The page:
The DEC stands for the Disasters Emergency Committee and it is made up of 15 of the UK’s leading aid charities, of which Tearfund is one.
What does the DEC do?
In times of emergency, the DEC works to bring together the capabilities of the member charities who would normally be responding to an emergency situation, so that we can pool resources and coordinate a fast, efficient and effective public response to disasters happening in other countries around the world.
By working in collaboration with the Rapid Response Network of national media and corporate partners, the DEC is able to raise awareness amongst the UK public on a larger scale than any of the individual charities could do on their own and get the word out about what has happened, the urgent needs arising from it, and the planned response. The DEC also helps set up easy ways for people to donate money.
This means that vital aid can get to the people who need it, fast.
Which charities make up the DEC?
Current DEC members are: Action Against Hunger, Action Aid, Age Concern, British Red Cross, CAFOD, Care, Christian Aid, Concern Worldwide, International Rescue Committee, Islamic Relief, Oxfam, Plan, Save the Children, Tearfund and World Vision.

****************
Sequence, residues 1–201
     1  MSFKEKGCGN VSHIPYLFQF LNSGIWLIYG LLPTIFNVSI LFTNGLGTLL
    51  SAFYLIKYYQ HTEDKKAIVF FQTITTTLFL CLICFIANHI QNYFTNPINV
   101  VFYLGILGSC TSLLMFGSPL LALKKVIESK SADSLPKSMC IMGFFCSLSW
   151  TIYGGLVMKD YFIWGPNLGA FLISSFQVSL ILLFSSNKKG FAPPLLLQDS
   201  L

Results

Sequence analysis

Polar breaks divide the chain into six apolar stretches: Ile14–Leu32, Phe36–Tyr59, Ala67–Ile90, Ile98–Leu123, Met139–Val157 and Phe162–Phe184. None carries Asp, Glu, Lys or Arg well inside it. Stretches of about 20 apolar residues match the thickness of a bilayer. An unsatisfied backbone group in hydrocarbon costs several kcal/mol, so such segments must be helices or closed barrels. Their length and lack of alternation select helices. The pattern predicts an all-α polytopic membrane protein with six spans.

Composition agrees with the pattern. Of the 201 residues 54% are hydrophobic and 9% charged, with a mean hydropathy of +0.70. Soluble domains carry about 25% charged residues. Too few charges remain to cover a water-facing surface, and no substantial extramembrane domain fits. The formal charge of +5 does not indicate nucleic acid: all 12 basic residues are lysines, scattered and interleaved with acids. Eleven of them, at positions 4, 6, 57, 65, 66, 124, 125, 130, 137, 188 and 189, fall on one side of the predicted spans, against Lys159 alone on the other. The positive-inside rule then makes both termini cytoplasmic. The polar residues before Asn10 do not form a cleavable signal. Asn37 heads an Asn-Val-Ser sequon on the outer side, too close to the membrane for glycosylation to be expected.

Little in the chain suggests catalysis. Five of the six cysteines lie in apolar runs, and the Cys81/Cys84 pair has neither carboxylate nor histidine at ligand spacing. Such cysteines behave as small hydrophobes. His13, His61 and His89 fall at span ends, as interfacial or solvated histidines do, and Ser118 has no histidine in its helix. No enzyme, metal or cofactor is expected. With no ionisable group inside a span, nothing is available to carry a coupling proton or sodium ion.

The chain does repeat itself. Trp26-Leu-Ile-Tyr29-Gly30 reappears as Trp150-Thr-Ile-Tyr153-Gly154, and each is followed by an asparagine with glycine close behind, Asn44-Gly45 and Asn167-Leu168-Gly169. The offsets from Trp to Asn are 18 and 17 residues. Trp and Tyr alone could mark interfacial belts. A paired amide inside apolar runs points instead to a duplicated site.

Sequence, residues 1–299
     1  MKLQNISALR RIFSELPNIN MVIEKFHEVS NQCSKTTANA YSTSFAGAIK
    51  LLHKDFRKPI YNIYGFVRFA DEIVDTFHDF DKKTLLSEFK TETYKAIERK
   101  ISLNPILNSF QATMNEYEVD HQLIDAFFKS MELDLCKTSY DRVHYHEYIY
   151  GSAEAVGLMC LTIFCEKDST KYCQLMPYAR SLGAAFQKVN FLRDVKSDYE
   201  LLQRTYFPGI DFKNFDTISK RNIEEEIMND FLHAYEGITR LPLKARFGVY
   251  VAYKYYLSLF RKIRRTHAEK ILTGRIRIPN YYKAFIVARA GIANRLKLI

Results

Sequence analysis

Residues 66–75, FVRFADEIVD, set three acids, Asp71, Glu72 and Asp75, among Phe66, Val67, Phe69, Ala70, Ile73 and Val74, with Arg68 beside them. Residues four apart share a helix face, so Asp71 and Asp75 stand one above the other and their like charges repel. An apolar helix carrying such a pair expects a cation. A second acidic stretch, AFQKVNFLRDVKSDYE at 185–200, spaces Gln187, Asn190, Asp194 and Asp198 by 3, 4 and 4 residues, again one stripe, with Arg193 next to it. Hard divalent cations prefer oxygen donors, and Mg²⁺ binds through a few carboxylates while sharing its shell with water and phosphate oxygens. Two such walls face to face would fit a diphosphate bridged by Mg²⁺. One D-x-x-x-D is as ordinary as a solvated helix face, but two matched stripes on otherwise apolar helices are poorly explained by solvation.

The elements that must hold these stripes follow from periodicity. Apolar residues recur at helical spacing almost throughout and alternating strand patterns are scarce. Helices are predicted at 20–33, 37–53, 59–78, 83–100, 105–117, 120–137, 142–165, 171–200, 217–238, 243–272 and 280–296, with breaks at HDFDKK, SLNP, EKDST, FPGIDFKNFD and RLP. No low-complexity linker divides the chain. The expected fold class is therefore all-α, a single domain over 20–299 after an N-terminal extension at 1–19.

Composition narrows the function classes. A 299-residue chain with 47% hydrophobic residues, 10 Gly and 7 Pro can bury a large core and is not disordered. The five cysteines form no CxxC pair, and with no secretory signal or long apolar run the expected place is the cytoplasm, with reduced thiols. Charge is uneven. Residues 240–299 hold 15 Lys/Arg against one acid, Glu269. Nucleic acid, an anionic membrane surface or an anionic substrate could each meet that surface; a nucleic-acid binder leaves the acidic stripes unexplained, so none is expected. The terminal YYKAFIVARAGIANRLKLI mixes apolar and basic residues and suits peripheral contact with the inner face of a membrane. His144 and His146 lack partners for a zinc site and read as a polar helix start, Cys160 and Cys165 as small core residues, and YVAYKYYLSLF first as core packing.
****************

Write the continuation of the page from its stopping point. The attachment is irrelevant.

The DEC is also part of the Emergency Appeals Alliance (EAA), which is a global alliance of humanitarian coalitions (like the DEC).
What does Tearfund have to do with the DEC?
The chief executives of each of the member charities, including Tearfund’s Nigel Harris, along with up to six independent trustees, make up a board of trustees that govern the DEC. Together, they are responsible for running the DEC and making sure that it continues to carry out its charitable purpose and objectives.
The DEC is funded by the member charities, and money raised by DEC appeals is then used by the charities to fund their humanitarian response to the emergency.